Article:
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St. Mary's Primary School, 123 Granemore Road Tassagh Armagh


Tue 17th March 2020

Dear Nursery Parents,

During these uncertain times, routine is key for your child.  With that in mind, I would recommend telling your child that although they are not in school, they will still continue to ‘work hard’ as if they were at school.  Every family situation will be very different, but I suggest allocating a period of time (ideally morning) where ‘learning’ will take place – share this ‘routine’ with your child so as they know what to expect.  This will continue to assist them with their Personal, Social and Emotional Development (coping with routines and changes). 

A typical day might look like this:

9:30 Morning Prayer followed by Indoor play

10:30 Snack time followed by tidy-up time and nursery rhymes

11:00 Outdoor play

12:00 Lunch

12:30 Ipad time

1:00 Story time

 But again, to reiterate, this is only an idea and you must do what will work for your family bearing in mind that there is no right or wrong way to ‘homeschool’ children.

Our theme this month is ‘animals’ and although we would have play tasks set up to reflect this theme, children still very much have free choice to play with toys of their choosing.  That said, in keeping with our theme you could set up a farm / farmer’s mart / zoo / safari for your child using any small animals that you may have.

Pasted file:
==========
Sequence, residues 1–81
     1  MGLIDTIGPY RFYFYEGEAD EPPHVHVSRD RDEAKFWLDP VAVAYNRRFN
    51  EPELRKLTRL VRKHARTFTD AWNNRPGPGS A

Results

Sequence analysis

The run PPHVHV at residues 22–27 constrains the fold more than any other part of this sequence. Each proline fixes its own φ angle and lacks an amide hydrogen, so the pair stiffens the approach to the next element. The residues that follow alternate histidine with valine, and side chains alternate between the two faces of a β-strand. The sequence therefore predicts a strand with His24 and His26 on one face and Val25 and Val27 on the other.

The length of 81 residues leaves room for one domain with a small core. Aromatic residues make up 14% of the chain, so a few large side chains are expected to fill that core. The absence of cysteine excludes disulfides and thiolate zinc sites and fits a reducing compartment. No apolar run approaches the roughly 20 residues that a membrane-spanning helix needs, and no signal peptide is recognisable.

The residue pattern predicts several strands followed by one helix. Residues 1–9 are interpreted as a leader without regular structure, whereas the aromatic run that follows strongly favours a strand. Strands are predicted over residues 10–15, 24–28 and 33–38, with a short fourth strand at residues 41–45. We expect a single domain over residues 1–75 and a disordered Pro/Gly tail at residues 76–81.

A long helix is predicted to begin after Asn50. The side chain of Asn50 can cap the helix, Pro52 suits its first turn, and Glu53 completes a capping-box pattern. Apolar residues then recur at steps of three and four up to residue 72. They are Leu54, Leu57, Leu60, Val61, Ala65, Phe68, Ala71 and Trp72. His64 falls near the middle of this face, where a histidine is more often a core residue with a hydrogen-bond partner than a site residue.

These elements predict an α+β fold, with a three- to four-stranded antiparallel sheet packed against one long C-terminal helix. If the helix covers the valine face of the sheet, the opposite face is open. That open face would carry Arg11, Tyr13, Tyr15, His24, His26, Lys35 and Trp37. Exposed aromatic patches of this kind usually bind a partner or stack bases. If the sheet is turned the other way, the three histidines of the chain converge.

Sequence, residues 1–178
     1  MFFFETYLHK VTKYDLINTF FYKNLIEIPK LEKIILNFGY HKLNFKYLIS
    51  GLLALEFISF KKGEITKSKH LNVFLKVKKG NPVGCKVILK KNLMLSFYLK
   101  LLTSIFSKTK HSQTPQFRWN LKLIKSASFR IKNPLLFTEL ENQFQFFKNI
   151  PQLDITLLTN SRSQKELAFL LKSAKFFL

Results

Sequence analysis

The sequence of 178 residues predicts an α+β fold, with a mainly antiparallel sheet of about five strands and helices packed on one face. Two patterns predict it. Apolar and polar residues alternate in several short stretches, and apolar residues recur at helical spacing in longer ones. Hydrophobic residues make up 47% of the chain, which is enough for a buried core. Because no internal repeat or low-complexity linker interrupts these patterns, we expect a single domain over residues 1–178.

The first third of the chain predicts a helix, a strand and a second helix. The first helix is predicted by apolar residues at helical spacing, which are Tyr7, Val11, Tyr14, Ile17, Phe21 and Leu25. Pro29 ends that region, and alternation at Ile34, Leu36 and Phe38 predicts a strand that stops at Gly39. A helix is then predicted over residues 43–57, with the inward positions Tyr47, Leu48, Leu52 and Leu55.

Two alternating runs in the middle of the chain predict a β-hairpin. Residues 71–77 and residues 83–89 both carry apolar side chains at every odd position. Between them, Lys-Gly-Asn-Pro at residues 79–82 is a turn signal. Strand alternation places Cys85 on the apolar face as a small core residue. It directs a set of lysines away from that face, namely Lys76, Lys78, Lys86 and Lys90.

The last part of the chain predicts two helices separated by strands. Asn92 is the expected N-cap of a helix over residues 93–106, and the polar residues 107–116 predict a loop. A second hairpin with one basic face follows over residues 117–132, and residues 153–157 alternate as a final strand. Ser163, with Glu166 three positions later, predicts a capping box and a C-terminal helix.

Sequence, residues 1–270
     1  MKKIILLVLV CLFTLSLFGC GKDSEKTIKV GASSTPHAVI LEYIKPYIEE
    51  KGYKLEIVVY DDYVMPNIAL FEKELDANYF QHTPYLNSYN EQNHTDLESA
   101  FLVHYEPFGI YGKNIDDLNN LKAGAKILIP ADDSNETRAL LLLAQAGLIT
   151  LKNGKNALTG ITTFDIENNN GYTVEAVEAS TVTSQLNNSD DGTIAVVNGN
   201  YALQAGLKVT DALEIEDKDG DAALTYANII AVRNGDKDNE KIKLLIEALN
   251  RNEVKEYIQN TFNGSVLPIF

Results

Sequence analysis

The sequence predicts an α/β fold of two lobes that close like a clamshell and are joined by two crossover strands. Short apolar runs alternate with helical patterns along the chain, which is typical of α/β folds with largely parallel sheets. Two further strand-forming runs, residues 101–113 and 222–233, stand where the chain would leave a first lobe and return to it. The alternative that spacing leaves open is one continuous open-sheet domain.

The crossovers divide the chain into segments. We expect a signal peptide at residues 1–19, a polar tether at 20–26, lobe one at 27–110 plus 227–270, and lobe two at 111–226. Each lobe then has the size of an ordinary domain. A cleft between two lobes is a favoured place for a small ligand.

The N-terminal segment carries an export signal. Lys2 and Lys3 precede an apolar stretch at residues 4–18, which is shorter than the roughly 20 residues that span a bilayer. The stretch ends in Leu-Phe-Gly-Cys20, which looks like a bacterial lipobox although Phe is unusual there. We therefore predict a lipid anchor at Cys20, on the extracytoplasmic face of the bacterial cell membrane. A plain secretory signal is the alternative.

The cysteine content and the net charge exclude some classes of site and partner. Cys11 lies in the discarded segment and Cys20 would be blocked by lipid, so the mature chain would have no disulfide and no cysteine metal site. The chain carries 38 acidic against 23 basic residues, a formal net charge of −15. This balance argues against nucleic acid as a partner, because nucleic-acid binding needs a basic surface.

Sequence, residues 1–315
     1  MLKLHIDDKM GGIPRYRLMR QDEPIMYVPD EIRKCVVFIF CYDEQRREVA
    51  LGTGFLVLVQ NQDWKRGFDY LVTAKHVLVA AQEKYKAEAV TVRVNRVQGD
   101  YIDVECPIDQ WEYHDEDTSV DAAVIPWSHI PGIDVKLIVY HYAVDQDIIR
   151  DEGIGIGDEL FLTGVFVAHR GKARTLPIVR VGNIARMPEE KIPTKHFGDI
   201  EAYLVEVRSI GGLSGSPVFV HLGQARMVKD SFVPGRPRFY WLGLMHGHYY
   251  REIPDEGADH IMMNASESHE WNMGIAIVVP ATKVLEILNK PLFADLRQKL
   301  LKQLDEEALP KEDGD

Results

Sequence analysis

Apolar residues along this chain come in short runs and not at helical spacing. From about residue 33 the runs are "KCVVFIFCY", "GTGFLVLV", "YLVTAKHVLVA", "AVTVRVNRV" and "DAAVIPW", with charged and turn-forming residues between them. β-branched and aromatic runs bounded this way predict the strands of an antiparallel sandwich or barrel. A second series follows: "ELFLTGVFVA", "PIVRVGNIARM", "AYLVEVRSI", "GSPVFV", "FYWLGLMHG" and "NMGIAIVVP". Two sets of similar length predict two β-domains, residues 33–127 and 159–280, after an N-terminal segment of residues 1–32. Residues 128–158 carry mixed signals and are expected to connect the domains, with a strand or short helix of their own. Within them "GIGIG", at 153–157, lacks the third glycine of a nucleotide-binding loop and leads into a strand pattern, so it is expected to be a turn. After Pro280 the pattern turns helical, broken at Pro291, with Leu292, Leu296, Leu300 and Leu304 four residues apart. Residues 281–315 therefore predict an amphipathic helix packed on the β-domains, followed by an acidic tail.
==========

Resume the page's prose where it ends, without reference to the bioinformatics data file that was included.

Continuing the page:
This aspect of your child’s learning can be promoted through encouraging them to tidy up after themselves and put all toys / activities away.  At snack time, their independence can be further promoted through encouraging them to butter their own toast etc, pour their own drink, wash and dry their own plate.  Try to encourage your child to do as much for themselves as they can in terms of opening and closing things, dressing / undressing.  Although in busy households, the fastest approach is to ‘do things for them’,  your child has come such a long way in developing independence and during this time we would hope to maintain, if not, build on these skills so please try to promote independence, where possible.

Also remind your child that the same rules of nursery such as sharing / turn taking and kind hands, kind mouths and kind feet apply at home. Praise when you see evidence of this.  Encourage your child to say sorry / forgive, during incidents where kindness has not been used. 


Early Reading

Ensure there are books available and within reach for your child.  Maybe even set out specific books about animals so that your child can ’read’ if they wish.  Try and take time to read a story